With tens of thousands of typefaces to choose from, where do you begin? Fonts are like people. They come in a million different shapes and sizes, and all have their own personality. From the equally loved AND loathed Comic Sans (mainly loathed to be fair) to the utilitarian Arial there’s a time and a place for all of them – well, a good lot of them at least!
As a graphic design student in the late 80s, I remember my early struggles with typography. As first years, we pulled all-nighters to get through a gruelling six-week block of ‘hand lettering’ every form and style of lettering and application. It was quite a sight: a small army of design students all attempting to un-clog 0.18mm Rotring Technical pen nibs in the early hours while trying to avoid scratching the bleed-proof Letraset marker pads we were replicating our designs on. Getting to know every tiny detail of the different fonts and their characteristics, the negative space, the kerning, leading and multiple decisions that needed to be made for selecting and applying fonts seemed utterly painful…
However, the concentrated, analytical nature of the tasks made us look at letter forms in far more detail than any other ‘normal’ person would – or should. It made me appreciate tiny details that suit a font’s application – the flourish of a lowercase ‘g’ or a particularly exquisite ampersand, for example.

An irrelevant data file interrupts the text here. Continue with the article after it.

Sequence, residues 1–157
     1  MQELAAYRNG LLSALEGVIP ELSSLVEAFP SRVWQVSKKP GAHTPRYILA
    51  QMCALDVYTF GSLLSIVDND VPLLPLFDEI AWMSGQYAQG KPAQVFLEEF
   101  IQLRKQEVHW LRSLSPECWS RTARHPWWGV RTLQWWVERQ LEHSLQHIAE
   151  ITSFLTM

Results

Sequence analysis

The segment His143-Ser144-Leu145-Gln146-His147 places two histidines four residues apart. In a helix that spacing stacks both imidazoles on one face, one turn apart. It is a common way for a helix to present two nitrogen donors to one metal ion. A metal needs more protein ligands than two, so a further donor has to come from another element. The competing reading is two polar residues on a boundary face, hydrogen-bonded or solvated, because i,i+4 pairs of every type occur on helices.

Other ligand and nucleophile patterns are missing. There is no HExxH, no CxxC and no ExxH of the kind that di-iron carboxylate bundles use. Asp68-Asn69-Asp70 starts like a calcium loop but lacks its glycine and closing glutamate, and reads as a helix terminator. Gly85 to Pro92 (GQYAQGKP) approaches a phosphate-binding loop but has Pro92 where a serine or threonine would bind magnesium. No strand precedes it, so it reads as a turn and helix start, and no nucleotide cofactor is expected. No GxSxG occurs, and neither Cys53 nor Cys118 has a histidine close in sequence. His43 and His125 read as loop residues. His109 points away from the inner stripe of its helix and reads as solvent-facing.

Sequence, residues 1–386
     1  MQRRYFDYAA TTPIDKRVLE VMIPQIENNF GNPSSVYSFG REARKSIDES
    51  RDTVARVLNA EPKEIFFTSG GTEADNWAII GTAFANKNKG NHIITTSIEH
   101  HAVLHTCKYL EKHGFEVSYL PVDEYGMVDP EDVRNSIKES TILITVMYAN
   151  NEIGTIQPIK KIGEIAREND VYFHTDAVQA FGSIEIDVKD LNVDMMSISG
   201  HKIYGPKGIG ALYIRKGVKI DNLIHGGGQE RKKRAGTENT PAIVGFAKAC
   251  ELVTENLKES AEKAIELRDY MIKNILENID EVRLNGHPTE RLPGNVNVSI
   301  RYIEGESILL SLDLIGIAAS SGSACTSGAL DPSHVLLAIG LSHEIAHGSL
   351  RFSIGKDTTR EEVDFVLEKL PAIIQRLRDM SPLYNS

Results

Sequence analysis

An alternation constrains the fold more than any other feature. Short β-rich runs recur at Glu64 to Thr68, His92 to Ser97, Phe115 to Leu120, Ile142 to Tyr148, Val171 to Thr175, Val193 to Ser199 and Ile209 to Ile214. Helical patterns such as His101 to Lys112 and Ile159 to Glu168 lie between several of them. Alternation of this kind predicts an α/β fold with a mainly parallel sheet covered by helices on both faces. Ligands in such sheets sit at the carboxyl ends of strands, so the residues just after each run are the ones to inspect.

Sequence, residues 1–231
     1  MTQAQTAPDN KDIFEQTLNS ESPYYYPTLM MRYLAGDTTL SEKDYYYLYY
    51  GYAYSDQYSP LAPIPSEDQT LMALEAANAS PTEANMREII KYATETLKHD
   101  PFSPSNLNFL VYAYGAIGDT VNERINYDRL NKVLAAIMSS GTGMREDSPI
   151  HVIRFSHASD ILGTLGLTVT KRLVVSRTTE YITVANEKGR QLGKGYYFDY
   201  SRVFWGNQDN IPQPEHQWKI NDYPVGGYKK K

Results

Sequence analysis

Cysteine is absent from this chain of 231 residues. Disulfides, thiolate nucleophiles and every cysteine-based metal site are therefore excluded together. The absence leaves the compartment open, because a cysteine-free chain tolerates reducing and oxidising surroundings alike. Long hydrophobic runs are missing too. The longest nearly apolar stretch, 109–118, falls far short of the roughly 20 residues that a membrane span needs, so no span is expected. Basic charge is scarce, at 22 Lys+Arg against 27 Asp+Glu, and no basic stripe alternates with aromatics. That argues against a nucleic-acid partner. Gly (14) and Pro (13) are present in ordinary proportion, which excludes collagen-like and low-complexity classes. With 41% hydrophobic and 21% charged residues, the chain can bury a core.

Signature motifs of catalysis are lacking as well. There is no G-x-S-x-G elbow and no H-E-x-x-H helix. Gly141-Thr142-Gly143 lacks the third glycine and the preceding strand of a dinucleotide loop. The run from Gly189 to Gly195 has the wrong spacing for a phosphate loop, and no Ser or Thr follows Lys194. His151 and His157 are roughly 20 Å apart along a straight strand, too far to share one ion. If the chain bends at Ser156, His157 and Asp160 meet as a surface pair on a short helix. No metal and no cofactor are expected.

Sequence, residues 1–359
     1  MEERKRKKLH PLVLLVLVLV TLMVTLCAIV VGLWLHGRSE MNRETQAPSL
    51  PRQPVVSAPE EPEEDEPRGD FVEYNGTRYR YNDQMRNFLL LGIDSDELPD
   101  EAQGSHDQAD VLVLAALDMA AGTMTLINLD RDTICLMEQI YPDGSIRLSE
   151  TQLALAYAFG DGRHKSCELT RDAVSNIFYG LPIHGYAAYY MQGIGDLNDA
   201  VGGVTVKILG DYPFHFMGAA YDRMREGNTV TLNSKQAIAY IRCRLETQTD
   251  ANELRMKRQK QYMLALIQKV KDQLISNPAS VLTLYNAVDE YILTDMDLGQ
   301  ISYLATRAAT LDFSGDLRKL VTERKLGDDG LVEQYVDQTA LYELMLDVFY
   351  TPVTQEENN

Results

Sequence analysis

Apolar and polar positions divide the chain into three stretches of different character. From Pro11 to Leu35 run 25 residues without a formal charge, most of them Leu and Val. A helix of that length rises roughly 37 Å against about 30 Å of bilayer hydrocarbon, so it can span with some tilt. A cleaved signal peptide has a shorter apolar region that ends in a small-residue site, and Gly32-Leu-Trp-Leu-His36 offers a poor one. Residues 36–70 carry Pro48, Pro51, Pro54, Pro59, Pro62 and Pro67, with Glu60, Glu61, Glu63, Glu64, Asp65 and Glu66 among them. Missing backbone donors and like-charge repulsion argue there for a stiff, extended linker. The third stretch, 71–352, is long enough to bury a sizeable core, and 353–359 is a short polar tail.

Being on the cusp of what was known as ‘Desktop Publishing’ (DTP) while still learning traditional linotype typesetting was indeed a great time to be a graphic design student. Thinking back to what it took to create a single page of a brochure, for example, is almost unbelievable. Characters were counted to copyfit a typed (on a typewriter) manuscript, calculating the number of characters that would fit on a line of a specific width, with a specific font at a specific size on a specific leading… This was maths formulas combined with a bit of guesswork and referenced against thick volumes of Type specimen books. We would have to create a spec that was then sent to the typesetters and coded in with no visual representation of what would come out – you would just hope the formula was correct, as this was an expensive, manual process.
What came back was a bromide sheet of paragraphs, headlines and folios that had to be carefully cut and pasted on to CS10 board, with individual lines and characters having to be positioned manually if we were attempting anything as elaborate as running text around a cut out of an image on the page.